Said control unit 16, which is the same as disclosed by U.S. patent application Ser. No. 228,973, compares the above-mentioned inputs and signals with memories programmed in advance on the basis of the aforesaid various factors and the functional relationships between the parameters of the sensors, and determines an optimum amount of air supply by correcting a necessary amount of air supply calculated from fuel flow input. As a result, the control unit 16 delivers an electric signal for determining the opening angle of the throttle valve 25, and actuates the throttle valve 25 thereby so as to ensure the optimum amount of air supply. On the basis of the amount of fuel supply or air supply to the engine calculated by the control unit 16, the control unit 16 delivers an electric signal for controlling EGR, that is, for controlling the opening of the EGR valve in order to ensure an optimum amount of EGR. As the optimum amount of EGR necessary for emission control depends upon the sensors and the load of the engine, the opening and performance characteristics of the EGR valve are memorized in advance by the control unit 16.

FIGS. 3 and 4 show an EGR valve according to another embodiment of the present invention. In this embodiment, a pin 33 and a disc-shaped holder 34 are disposed between the output shaft 7 of a stepping motor 4 and an externally threaded hollow cylinder 43 so that the output shaft 7 does not receive thrust. A valve rod 35 is provided with a spring 36 for absorbing overstrokes so as to prevent the sticking of the valve member 2.

As shown in FIG. 3, a valve guide 38 is provided in the upper portion of a valve housing 1, and a motor housing 40 is disposed on top of the valve housing 1, said stepping motor 4 being supported on the motor housing 40. The lower portion of the motor housing 40 has a small diameter and is provided with an opening 37 for cooling a valve shaft 51. A screw housing 41 provided in its center with an internally threaded portion 39 is secured within the motor housing 40. An arm 42 is secured to the output shaft 7 of the stepping motor 4 by means of a screw. The arm 42 is provided at its end with an opening into which said pin 33 is fitted downwardly. The top of said externally threaded hollow cylinder 43, engaged with the internally threaded portion 39 of the screw housing 41, forms said disc-shaped holder 34. The disc-shaped holder 34 has a notch 44 into which said pin 33 is inserted, and is provided at its edge with a projecting dog 45 which, when the valve is fully closed, comes into contact with a sensor 46 for detecting the full closed position of the valve. See FIG. 4.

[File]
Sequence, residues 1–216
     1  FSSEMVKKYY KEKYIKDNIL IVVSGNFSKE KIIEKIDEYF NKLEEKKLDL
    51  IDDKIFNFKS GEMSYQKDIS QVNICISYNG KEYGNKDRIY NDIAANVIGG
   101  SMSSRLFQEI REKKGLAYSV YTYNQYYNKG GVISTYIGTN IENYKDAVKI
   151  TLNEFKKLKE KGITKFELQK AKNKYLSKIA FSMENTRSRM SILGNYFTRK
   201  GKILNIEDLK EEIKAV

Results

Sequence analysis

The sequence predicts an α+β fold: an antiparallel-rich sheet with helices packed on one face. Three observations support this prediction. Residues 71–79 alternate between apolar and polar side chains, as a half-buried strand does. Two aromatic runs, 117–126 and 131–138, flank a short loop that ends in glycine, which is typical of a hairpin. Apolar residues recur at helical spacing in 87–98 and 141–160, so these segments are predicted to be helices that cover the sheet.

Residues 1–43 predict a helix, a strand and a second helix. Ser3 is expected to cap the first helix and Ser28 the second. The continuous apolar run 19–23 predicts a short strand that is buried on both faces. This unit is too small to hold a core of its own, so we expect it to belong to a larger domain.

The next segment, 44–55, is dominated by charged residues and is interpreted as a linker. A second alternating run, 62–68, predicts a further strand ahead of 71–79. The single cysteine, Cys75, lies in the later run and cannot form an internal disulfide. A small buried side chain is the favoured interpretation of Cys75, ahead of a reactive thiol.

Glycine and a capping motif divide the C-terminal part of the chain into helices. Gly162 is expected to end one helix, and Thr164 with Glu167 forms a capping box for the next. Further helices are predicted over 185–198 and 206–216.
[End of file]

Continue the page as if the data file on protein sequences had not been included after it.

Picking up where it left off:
A steel ball 50 is disposed within said externally threaded hollow cylinder 43 so that the disc-shaped holder 34 of the externally threaded hollow cylinder 43 is associated with the top of the valve shaft 51 through the intermediary of the steel ball 50 and the valve shaft 51 is moved vertically without being rotated. The valve shaft 51 is provided halfway with a return spring 52 and a spring holder 55. The central portion of the valve shaft 51 is guided by said valve guide 38. The lower portion of the valve shaft 51 is a hollow cylindrical portion into which the valve rod 35 is inserted. The valve rod 35 is provided in its approximately central portion with a pin 53 having a small diameter, the projecting ends of said pin 53 being respectively inserted into loose holes 54 provided in the hollow cylindrical portion of the valve shaft 51, each of eaid loose holes 54 being larger than the diameter of the pin 53. The valve rod 35 is further provided at its top with said spring 36 for absorbing overstrokes.

When the valve is fully closed, the valve member 2 is lightly pressed against the valve seat 15 by the force of said spring 36, and the pin 53 is either in contact with the upper limit of the loose holes 54 or in a position near it. Even when the externally threaded hollow cylinder 43 has started to rotate, the valve rod 35 does not immediately start to move up. It is not until the valve shaft 51 starts to move up and the pin 53 comes into contact with the lower limit of the loose holes 54 that the valve rod 35 starts to move up with the valve shaft 51 and lift the valve member 2 from the valve seat 15.

When the valve is fully closed, the dog 45 of the disc-shaped holder 34 contacts and pushes a contact piece 47 provided at the end of said sensor 46. Thereby the sensor 46 is actuated and sends a signal to said control unit 16. When the valve is not in the fully closed position, the dog 45 does not contact the contact piece 47 of the sensor 46 and therefore the sensor 46 does not send any signal to the control unit 16, because the disc-shaped holder 34 of the externally threaded hollow cylinder 43 moves up at a rate of one pitch (for instance 2.5 mm) per rotation while rotating. Numeral 48 in FIG. 4. represents a terminal through which the above-mentioned signal is transmitted.